The argument can be made that Cotto has not been the same since getting starched in his first pro loss back in 2008. Psychologically there have been questions as to whether the Puerto Rican still truly has the mentality of a fighter. On the other hand, the only other guy to beat Cotto since that day in 2008 has been Pacquiao, although Cotto himself admitted that he wanted to quit after the 11th round before suffering his ultimate fate of a KO loss in the 12th. How you believe this main event will go is dependent on whether you think Margarito has more in common with Pacquiao (to whom Margarito lost but the fight went the distance) or with the likes of Josh Clottey and Yuri Foreman and Ricardo Mayorga.

Style-wise, this is a worst-case scenario for Cotto, who has shown a strong disinclination for fighting on the back foot. Margarito exploited this to devastating effect in the first fight. Whether his wraps were loaded or his gloves had horseshoes in them or not, the fact remains that Antonio Margarito imposed himself on Cotto in exactly the same way that the pressure-fighting Pacquiao did. In the process, Cotto’s greatest weakness was laid bare for all to see, and if Cotto indeed has as his Achilles’ heel guys who are willing to press the action and keep him on the back foot, the Puerto Rican may be in for a very, very long night indeed.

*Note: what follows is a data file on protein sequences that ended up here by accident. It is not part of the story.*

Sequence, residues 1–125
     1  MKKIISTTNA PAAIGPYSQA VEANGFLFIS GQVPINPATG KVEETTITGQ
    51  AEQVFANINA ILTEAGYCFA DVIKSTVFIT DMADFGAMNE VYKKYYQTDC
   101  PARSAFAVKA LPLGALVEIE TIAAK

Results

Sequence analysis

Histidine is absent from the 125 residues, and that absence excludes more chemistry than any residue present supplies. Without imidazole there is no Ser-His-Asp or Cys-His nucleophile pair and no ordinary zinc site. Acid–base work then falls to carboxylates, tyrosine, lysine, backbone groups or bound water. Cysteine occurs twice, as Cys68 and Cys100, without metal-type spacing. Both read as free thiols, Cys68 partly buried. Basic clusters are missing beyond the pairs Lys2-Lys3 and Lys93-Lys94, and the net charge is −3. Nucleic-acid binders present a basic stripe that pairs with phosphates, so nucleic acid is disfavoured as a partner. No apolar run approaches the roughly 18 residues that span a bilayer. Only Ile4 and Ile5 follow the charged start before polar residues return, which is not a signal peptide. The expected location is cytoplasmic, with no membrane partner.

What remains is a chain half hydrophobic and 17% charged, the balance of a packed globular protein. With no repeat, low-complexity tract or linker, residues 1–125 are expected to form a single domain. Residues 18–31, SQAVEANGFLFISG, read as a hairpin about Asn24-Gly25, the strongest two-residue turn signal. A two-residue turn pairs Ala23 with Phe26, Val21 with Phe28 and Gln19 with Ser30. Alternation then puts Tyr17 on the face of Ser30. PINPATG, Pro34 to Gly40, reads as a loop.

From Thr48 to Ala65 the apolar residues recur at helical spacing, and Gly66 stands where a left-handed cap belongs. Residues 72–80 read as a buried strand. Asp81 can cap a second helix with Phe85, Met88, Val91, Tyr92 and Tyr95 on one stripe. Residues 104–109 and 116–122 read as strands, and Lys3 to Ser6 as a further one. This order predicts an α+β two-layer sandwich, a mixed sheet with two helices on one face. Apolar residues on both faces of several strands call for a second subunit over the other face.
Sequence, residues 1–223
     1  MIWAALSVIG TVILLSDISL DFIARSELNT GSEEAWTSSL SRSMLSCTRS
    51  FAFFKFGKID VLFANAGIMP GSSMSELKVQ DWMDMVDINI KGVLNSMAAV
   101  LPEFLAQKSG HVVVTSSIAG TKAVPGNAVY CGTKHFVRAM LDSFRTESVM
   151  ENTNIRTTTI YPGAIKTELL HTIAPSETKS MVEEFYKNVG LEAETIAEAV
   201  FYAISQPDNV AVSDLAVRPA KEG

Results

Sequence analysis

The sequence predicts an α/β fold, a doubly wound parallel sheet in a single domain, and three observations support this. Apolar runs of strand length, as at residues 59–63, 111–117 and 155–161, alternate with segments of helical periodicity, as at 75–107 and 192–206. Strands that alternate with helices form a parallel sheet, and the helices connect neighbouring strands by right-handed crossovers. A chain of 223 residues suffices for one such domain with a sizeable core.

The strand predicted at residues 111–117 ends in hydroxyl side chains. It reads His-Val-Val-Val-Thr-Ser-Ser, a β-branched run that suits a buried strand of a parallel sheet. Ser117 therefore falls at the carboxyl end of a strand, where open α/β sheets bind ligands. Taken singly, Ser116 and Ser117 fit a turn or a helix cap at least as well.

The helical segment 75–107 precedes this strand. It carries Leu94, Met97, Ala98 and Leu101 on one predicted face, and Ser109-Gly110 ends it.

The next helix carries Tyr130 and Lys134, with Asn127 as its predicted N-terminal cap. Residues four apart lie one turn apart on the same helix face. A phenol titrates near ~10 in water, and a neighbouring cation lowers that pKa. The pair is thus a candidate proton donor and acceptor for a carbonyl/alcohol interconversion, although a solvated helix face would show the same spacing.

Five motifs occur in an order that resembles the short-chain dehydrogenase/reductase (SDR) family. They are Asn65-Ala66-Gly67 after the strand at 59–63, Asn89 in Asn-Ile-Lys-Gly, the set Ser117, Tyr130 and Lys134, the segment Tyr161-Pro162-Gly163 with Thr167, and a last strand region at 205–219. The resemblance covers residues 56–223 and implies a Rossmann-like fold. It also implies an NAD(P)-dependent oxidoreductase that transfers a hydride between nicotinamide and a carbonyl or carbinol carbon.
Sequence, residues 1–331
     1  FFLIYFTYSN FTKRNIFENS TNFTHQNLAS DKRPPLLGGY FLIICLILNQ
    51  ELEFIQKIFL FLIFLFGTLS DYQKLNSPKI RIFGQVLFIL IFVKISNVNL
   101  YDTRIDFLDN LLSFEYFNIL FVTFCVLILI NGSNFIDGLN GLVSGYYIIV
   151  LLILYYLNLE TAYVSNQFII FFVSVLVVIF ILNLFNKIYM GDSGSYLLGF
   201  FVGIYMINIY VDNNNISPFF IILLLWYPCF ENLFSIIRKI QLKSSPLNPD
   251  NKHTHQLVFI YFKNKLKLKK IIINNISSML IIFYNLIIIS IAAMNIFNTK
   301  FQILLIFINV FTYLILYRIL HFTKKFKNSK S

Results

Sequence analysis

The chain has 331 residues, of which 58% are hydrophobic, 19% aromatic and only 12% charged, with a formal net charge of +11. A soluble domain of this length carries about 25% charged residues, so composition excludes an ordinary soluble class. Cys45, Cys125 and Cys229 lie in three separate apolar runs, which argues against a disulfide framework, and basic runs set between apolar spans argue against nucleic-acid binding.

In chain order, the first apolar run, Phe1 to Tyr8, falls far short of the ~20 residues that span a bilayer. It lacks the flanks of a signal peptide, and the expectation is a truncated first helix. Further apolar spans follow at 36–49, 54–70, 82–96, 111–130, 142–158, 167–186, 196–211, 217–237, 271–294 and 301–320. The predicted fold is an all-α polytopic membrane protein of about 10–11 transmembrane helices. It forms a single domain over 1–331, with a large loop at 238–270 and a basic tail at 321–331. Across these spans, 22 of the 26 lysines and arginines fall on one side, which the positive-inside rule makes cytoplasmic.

The best fights are often those where coming in you can make a very good case for either fighter. Cotto is the much more skilled of the two men who will step into that ring at Madison Square Garden. But styles make fights, and if ever a fighter could be molded from clay by the gods with the sole purpose of making Cotto’s life a living hell, Margarito is that fighter. This has all the makings of the perfect capper to a brilliant night of competitive boxing. It’s hard to imagine fans not finding something in this card to get their money’s worth.